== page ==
Spring '23 Department Seminars with Dr. Orkide Coskuner-Weber

Title: The Universe of Intrinsically Disordered Proteins & Bio-Inspired Intrinsically Disordered Synthetic Polymers

Speaker: Dr. Orkide Coskuner-Weber, Associate Professor

Department of Molecular Biotechnology, Turkish-German University

Istanbul, Türkiye

Date: April 25, 2023, Tuesday

Time: 12:30

Place: Departmental Seminar Room (SB-Z14)


The importance of intrinsically disordered proteins (IDPs) was emphasized in 2001 by our collaborators. Since then, I and my collaborators showed that IDPs are implicated in many various diseases ranging from Parkinson’s disease (PD), spinal muscular atrophy (SMA), cancer to Marie Tooth disease. We also showed that the percentage of all proteins containing disorder is roughly 51%. Today, hundreds of scientists investigate IDPs and the current literature embraces thousands of publications on IDPs. IDPs lack a fixed 3-dimensional structure and range from fully unstructured to partially structured. Their discovery has disapproved the Nobel prize winning idea that 3-dimensional structures of proteins must be fixed to accomplish biological functions. In the first part of my talk, I will provide a short summary of our studies on IDPs using computational and biochemistry approaches.

In the second part of my talk, I will present our studies on intrinsically disordered synthetic polymers (IDSPs) bio-mimicked and bio-inspired by IDPs using polymer chemistry for soft robotics and biomedical applications. Namely, nature is full of processes that, through evolution, have been perfected over the ages to effectively use matter and sustain life. Today, I will present our new strategies for synthesizing and characterizing IDSPs for soft robotics, drug delivery, tissue engineering, artificial organ design and immune compatibility applications. Much of the current literature has focused on the de novo synthesis of tailor-made polymers to perform specific functions. With bio-inspired polymers, the complexity of protein folding mechanisms has limited the ability of scientists to reliably engineer specific structures. Unlike existing studies, our work is focused on utilizing the high flexibility of IDPs and their self-organization and self-healing characteristics utilizing synthetic quasi-foldamers.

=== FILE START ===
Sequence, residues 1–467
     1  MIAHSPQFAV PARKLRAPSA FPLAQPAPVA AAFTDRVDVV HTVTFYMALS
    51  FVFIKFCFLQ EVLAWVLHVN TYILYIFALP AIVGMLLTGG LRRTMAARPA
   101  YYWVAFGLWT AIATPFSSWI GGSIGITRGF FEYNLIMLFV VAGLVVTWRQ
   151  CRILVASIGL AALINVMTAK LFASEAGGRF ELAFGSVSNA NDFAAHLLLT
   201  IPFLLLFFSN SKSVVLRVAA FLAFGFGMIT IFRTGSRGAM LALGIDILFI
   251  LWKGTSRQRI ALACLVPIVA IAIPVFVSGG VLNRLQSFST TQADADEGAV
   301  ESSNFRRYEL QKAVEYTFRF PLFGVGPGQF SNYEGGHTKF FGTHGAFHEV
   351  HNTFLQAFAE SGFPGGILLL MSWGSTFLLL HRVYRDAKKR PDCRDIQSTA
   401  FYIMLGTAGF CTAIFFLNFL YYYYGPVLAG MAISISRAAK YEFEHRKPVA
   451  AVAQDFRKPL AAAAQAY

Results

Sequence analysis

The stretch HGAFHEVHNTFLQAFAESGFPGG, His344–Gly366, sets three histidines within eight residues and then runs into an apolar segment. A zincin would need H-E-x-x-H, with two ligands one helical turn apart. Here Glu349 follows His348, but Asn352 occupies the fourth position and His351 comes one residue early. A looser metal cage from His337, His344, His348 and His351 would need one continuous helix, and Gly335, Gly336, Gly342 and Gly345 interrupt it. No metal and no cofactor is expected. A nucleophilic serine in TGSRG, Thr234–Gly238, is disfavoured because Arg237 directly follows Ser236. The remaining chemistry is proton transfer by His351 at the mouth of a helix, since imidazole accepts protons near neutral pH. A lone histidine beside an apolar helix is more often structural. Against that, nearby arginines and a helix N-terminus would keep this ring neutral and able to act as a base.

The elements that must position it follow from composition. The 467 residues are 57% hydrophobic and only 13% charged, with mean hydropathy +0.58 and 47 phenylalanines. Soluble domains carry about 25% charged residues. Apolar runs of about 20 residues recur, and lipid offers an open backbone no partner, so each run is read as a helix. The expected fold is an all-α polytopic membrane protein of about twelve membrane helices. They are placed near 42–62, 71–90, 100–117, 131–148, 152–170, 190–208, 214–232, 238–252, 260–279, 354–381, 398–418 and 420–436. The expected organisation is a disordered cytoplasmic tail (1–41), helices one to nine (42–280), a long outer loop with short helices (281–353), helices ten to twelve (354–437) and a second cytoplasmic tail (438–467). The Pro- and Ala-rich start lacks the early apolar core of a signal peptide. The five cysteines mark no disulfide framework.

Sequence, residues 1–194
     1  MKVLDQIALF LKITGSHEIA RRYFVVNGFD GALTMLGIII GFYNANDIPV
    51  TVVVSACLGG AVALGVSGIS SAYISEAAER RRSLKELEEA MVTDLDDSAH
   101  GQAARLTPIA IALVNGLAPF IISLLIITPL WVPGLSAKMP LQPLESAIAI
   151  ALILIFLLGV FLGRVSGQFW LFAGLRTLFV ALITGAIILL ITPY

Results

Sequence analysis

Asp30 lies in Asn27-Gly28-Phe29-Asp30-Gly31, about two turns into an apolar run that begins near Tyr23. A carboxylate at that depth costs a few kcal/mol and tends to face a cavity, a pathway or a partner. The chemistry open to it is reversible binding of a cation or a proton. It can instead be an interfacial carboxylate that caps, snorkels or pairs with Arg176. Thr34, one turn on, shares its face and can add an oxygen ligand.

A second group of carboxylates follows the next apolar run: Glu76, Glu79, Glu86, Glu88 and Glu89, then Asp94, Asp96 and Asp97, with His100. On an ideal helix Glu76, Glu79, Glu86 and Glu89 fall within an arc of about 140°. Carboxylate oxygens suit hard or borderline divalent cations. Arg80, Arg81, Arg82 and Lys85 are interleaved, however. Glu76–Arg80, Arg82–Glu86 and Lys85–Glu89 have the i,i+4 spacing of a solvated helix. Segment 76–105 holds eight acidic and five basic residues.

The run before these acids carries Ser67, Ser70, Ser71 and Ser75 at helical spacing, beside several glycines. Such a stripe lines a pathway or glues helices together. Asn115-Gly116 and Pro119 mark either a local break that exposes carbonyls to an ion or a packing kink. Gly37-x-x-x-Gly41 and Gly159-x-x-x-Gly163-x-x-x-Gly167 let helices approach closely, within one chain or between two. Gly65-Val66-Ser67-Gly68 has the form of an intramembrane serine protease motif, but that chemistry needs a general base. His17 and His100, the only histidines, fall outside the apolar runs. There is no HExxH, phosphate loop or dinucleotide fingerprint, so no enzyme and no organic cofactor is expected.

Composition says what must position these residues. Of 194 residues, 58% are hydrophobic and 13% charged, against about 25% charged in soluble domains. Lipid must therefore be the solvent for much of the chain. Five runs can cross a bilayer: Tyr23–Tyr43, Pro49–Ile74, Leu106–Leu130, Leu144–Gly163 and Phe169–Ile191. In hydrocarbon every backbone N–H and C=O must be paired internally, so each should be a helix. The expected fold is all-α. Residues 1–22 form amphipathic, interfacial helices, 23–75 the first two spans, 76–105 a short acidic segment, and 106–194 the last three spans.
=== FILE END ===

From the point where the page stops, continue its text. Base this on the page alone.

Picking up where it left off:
Short Biography of the Speaker:

Dr. Coskuner-Weber was born and grew up in Remscheid, Germany. She studied Chemistry at the Universität zu Köln in Germany and obtained her Dr. rer-nat. degree in Chemistry from the Universität zu Köln in Germany. When she was a student in Köln, she visited the Chemical Engineering Department at UMIST (United Kingdom) and Physics Department at the University of Amsterdam for further training in chemical engineering and physics. After her graduation, she worked as a postdoctoral scientist at Johns Hopkins University and Stanford Universities (Chemical & Biomolecular Engineering and EMSI/SSRL) in the United States of America. She also worked for the National Institute of Standards and Technology (NIST) and linked her work to academia at the same time. She became a research assistant professor and then an assistant professor at George Mason University and at the University of Texas at San Antonio. In 2017, she took a faculty position at the Turkish-German University in Istanbul, Turkey for establishing the Molecular Biotechnology Department. She has more than 50 publications and worked on various national level projects in the United States of America, Germany and Turkey. She also enjoys teaching and she has designed and taught more than 15 courses for undergraduate and graduate student.